Leading their positions in the AFC voting are Bengals kicker Shayne Graham and Bengals cornerback Deltha O'Neal, the league leader with six interceptions seeking his second Pro Bowl and first since his second year with the Broncos in 2001.
Along with Manning, other Colts leading their positions are center Jeff Saturday and linebacker Cato June, as well as three/fourths of their defensive line in ends Dwight Freeney and Robert Mathis, and tackle Montae Reagor.
Bengals right tackle Willie Anderson is also looking for his third straight Pro Bowl, and cornerback Tory James is trying to return after last year's first-time selection.
BRIGHT LIGHTS: A total of 64 percent of the nation will get Sunday's game on CBS, believed to be the first time since the NFL returned to the network in 1998 that the No. 1 announcing crew calls a Bengals game.
According to LeslieAnne Wade and Vanessa Hambidge of CBS, Jim Nantz and Phil Simms will be beamed to Texas, Phoenix and Tucson, as well as Southeastern Conference territory, through the Midwest and up to Michigan, Wisconsin, and across the Northeast seaboard down to Pennsylvania.
Lance Barrow, a CBS executive producer for football and golf, has been with the network since 1976 and is on site Sunday. So he thinks there is a generation of fans out there that may need a bit of a history lesson.
"I've told our people that there are probably a lot of people out there who don't know that the Bengals have been to the Super Bowl twice and almost won it once," Barrow said. "We're putting together a little bit of a history of the Bengals, and we'll have vignettes on Carson Palmer and Rudi and Chad (Johnson)."
BEEFED-UP SECURITY: In the Bengals' first appearance at PBS since the Oct. 30 on-field incident, the stadium is vowing to put extra security on the field for Sunday's game. Eric Brown, managing director of the stadium, said there will be more than the 22 people that were on the field when a Cincinnati man rushed the field with 26 seconds left and swiped the ball from Packers quarterback Brett Favre.
Brown wouldn't specify numbers, but the usual complement of three Hamilton County Sheriff Deputies and three City of Cincinnati police officers will be elevated, as will the group of 16 security guards. Brown said that the golf cart-like vehicles that are on the field to attend to the medical needs of players will be moved to the middle of the stands and won't be parked near the aisles, and there will be security at the carts. The man jumped from the seven-foot barrier ringing the seats onto one of the carts.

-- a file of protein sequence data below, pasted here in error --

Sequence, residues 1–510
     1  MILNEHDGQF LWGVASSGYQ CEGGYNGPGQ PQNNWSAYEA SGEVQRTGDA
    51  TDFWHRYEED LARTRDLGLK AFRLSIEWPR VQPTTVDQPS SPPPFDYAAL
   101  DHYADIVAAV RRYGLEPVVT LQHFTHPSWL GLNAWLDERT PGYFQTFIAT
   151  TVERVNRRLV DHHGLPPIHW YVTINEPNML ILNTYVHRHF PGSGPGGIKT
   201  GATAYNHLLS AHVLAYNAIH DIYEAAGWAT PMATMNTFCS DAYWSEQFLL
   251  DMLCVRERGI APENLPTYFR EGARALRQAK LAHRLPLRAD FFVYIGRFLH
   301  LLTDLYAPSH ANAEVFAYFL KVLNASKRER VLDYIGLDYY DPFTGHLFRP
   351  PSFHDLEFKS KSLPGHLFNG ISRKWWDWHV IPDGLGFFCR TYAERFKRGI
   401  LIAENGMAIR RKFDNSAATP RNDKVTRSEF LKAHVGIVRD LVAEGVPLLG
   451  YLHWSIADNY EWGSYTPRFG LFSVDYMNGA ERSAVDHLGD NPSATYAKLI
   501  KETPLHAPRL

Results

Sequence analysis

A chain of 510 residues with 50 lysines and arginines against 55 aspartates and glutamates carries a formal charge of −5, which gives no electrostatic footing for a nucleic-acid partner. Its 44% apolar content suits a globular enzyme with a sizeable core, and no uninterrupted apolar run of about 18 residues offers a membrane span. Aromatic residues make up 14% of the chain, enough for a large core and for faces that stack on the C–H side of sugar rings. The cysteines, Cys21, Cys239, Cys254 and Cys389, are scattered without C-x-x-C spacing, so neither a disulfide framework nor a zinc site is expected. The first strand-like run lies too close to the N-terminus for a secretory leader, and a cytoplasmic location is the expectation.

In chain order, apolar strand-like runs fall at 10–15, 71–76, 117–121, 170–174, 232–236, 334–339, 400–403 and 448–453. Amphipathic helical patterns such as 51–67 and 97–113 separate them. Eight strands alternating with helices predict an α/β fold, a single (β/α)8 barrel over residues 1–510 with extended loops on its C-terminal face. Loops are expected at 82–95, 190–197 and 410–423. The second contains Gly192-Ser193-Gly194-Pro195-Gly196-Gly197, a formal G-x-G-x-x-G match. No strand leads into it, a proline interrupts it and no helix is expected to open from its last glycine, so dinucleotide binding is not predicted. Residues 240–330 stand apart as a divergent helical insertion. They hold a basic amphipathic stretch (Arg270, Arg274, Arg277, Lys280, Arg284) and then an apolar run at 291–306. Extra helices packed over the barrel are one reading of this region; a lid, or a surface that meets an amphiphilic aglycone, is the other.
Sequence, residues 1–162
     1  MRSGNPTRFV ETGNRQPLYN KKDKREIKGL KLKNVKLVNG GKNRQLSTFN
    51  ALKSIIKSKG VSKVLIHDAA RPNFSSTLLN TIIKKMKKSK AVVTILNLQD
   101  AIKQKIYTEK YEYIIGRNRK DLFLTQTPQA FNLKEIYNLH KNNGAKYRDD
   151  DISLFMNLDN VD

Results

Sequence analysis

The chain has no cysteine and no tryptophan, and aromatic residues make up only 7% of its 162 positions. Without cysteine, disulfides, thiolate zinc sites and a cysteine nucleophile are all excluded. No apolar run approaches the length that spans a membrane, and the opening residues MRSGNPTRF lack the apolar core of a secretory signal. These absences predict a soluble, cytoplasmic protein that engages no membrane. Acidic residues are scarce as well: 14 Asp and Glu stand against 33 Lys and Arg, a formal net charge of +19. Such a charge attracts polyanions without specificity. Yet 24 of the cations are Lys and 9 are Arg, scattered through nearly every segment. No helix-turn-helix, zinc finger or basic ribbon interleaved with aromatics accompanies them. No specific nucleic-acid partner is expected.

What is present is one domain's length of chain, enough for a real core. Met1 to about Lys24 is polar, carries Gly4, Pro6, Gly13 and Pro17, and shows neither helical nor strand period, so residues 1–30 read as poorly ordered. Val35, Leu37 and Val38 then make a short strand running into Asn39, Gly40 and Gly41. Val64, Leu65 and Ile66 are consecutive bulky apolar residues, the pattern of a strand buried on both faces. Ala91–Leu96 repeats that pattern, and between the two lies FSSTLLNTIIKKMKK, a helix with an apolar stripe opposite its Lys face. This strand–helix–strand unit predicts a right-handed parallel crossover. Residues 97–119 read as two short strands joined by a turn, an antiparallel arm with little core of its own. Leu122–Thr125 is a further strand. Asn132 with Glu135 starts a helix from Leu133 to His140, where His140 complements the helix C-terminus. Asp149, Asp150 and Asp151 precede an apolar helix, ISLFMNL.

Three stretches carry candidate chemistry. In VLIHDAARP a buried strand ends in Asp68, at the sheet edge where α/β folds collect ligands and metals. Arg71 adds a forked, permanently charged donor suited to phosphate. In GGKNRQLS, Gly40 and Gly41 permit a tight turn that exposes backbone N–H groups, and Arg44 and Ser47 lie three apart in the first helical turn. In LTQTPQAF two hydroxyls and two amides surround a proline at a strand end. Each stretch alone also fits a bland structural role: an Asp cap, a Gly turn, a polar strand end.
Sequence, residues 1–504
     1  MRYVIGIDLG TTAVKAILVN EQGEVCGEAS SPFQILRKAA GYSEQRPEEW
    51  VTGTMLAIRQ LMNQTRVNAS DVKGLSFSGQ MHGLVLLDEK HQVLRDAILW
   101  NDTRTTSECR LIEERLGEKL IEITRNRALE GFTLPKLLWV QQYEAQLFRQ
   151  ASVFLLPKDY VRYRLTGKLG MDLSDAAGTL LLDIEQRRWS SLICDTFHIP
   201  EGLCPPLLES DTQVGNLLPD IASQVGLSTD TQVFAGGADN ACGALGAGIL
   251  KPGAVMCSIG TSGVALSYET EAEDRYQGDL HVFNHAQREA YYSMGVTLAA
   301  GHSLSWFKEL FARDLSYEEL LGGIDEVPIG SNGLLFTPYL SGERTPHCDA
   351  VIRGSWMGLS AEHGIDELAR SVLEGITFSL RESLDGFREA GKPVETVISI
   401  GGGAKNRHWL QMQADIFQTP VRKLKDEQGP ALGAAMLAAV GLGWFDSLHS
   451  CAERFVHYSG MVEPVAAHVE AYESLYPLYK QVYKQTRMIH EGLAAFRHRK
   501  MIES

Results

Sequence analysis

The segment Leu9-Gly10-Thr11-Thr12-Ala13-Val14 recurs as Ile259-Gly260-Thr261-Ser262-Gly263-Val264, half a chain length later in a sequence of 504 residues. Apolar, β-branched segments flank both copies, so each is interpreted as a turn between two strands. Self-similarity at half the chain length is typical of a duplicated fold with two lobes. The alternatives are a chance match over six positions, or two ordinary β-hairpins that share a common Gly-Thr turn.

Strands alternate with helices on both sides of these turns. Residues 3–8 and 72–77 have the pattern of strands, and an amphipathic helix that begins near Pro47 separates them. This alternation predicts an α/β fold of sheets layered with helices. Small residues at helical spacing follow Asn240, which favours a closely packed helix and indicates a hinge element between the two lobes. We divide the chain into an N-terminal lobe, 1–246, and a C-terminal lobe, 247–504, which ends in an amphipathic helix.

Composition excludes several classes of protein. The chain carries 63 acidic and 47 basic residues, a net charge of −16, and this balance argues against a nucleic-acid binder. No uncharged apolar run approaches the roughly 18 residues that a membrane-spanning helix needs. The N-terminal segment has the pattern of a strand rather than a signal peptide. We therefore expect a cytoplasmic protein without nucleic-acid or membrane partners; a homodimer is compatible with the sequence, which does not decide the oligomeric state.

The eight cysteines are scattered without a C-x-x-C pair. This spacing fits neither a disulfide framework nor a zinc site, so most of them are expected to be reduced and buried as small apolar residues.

"We've also reminded our people to look from side to side occasionally instead of just straight into the stands," Brown said. "We've just decided that we're going to be one of the heavier teams in the league when it comes to a presence on the field."
DUNGY WATCHING: Colts head coach Tony Dungy is a man after Bengals president Mike Brown's heart. He'd love to be in the same division with the Bengals.
"It would be a great natural rivalry. It would be unique," Dungy said in his Wednesday conference call with the Cincinnati media. "We've got a great rivalry with Tennessee. Our fans can travel down there and their fans can come up here. But in a way, I'm glad. The way they're rolling and how they've got their program going, I'm kind of glad we're not in the same division with them."
Dungy and Lewis have never been on the same coaching staff, but they are close enough that they have compared notes on getting their teams better. While Dungy doesn't talk to Lewis as much as he does with coaches he's worked with before, he feels close enough that he can pick up the phone any time and call. Dungy can see the similarities in programs that are a year apart (Dungy arrived in Indy the year before Lewis came to the Bengals in 2003), but as Lewis said in his Wednesday news conference, Cincinnati is trying to get where the Colts are and this game "is a big step." Both are defensive guys who covet speed more than size.
"It's similar to the blueprint. We had a lot of things going when I got here," Dungy said. "We probably had some advantages Marvin didn't. I think they've done a tremendous job of just redefining who they are and they're playing outstanding football. You've got to credit Marvin and you've got to credit Mike Brown. They've put a very, very sound team together that believes in themselves and an exciting team and it's great for the city of Cincinnati, I'm sure.
"We try to do the same thing. We talk about being fundamentally sound, about not making mistakes, about being explosive on offense, and really sound on defense. It probably is the same blueprint that most people have, it's just not that easy to do."